The Adventure Cycling Association has mapped out many nice diversions from the highway making the route much safer and more pleasant for cyclists. The traffic on HWY 101 can be busy. It’s loud and too many drivers go too fast and get too close to us. It can be an unnerving experience. But most drivers are considerate and give us lots of space on a road that often has little or no shoulder.
We finished the day in Lincoln City after cycling around Devils Lake. The hiker-biker site was not the nicest spot as it’s on the edge of the campground and basically across the street from some houses. Kind of like camping in somebody’s front yard. We met a northbound cyclist here who had begun his journey six weeks earlier in Tijuana, Mexico. Beto is from Guadalajara. He is fulfilling a dream and doing it on an old six-speed with only a rear rack and rear brakes. He wouldn’t be able to use front brakes anyway because Beto doesn’t have the use of his left arm. He is a strong, young guy with a remarkable attitude and a great smile. We spent the evening together, swapping stories from the road. He’s partially funding his trip by selling CDs of his music. Christoph and I each bought one. I told him if he makes it all the way to Vancouver, we would host him.
We said farewell to Beto in the morning and headed back out on 101 south. Overnight, the weather had turned and it was a drab morning. No nice detours off the highway today, except in Newport where we stopped at Yaquina Bay Park for lunch before crossing a busy bridge. Showers came and went but we stayed mostly dry, ending our day after 90 km at the Cape Perpetua campground where, a short time later, we were joined by Andy, another southbound cyclist. We had bought steaks for dinner to bulk up our pasta meal. A great way to end the day.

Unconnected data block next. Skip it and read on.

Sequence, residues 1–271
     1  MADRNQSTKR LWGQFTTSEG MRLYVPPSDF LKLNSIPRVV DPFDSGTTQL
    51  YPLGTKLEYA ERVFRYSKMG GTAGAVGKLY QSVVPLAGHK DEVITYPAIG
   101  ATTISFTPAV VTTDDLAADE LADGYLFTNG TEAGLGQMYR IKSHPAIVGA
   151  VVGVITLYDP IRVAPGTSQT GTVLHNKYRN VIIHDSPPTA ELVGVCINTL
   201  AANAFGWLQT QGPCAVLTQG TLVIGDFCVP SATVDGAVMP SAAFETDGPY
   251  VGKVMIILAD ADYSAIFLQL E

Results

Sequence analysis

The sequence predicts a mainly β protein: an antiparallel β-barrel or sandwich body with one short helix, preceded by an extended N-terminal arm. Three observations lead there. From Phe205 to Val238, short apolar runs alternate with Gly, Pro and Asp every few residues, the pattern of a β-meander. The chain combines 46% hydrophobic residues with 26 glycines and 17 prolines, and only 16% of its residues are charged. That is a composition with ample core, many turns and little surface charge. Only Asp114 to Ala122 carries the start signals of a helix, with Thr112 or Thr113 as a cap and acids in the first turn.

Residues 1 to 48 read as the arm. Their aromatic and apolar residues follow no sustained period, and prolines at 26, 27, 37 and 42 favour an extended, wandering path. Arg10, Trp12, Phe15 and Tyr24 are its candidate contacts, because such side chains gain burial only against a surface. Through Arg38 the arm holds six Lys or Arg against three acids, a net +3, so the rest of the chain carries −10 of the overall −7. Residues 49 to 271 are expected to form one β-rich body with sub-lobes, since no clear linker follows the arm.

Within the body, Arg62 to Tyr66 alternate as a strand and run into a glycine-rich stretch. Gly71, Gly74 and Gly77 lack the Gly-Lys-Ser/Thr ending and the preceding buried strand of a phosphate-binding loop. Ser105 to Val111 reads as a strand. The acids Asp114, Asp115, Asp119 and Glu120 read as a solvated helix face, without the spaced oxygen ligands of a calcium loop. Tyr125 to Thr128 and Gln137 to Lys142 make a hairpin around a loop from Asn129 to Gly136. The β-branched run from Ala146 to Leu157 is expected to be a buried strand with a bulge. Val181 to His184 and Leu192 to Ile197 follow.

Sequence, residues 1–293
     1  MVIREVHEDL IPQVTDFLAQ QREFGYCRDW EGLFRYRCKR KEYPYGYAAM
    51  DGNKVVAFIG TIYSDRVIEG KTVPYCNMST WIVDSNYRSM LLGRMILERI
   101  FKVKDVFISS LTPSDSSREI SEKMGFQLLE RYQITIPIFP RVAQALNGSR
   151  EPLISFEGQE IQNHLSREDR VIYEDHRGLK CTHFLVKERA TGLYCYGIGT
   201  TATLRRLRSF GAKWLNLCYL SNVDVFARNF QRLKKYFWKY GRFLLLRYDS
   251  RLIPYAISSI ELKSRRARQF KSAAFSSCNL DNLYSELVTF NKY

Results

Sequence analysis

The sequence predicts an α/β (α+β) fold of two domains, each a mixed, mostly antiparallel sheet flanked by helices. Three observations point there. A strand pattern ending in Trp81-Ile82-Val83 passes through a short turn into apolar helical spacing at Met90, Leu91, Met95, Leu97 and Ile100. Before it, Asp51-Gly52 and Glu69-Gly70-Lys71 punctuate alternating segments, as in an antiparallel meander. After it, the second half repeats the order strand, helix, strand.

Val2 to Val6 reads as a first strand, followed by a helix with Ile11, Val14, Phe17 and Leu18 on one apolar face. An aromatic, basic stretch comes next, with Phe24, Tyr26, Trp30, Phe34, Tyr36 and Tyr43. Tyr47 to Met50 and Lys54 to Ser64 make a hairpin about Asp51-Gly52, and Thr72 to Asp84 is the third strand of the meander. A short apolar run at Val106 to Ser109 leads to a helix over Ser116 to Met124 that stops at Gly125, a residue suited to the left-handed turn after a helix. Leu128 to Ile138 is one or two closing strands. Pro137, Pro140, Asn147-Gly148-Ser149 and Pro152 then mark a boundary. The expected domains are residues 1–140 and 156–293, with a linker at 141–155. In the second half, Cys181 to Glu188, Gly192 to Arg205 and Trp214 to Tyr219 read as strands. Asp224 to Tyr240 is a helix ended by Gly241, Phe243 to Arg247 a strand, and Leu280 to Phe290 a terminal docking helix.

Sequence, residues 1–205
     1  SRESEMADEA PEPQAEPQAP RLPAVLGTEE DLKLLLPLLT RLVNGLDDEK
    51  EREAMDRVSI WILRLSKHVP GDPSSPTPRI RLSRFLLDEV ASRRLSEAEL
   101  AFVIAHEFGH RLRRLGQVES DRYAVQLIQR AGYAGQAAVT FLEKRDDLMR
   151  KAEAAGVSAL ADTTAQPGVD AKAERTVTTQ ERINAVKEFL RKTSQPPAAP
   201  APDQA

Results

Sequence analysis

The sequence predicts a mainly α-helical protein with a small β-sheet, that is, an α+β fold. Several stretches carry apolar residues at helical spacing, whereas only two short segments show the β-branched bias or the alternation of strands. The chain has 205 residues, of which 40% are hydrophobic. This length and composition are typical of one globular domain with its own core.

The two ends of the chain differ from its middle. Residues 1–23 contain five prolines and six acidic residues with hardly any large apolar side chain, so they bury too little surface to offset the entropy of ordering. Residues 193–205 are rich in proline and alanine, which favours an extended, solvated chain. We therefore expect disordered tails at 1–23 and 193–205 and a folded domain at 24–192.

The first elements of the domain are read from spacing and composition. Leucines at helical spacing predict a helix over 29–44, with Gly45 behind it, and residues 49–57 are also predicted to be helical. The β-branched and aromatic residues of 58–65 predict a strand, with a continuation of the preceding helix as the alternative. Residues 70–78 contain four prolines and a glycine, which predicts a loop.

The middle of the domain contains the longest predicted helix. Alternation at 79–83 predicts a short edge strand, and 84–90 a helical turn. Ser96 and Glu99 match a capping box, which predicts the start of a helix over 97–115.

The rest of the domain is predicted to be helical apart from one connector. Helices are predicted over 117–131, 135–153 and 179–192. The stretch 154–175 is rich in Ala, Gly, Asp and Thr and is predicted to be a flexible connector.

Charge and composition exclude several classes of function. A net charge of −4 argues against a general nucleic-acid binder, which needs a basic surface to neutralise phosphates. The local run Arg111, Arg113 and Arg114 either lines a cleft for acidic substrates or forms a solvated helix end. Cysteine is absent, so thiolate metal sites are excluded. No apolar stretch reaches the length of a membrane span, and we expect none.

The weather did not improve overnight but it was dry. Together with Andy, we headed back out on the road. On the outskirts of Florence, we were stopped dead in our tracks by one of our favourite things: a roadside diner. Kathleen and Nina’s proved to be a worthy stop for our second breakfast. We heartily indulged.
This section of our route was somewhat unremarkable. Lots of campers, RVs and trucks hauling dune buggies. It will never cease to amaze me how we humans can come up with ways of burning fuel and making noise. We just kept piling on the miles until we got to Winchester Bay and the Umpqua Lighthouse State Park where the showers were free and the mosquitoes quite horrendous.
Andy chose to hang out for a day to wait for his friend who had fallen ill in Lincoln City and stayed there to get over what ailed him. Christoph and I carried on and were happy our route veered off the 101 at Northbend. It’s far too busy on that highway. We took the Cape Arago Highway and at Charleston turned left onto the Seven Devils Road. Wondering what the seven devils were, I said to Christoph that I hoped it didn’t mean seven climbs, but it meant exactly that. Each climb was a little higher than the last but followed by a very fast descent back down to the highway just outside of Bandon.
We made camp and went into town to have a meal instead of cooking one. Sadly, the Irish pub was closed as it was a Sunday but there was another fine restaurant in town where we had fried fish and a mountain of chips, washed down with some local beer. Back at the campsite we had been joined by some other cyclists and a few homeless people who seem to be going from campsite to campsite. It’s cheap accommodation and there are usually hot showers to be had. One of the cyclists was Rod Norton from Tlell, a small community on Haida Gwaii, BC. This would not be our last meeting.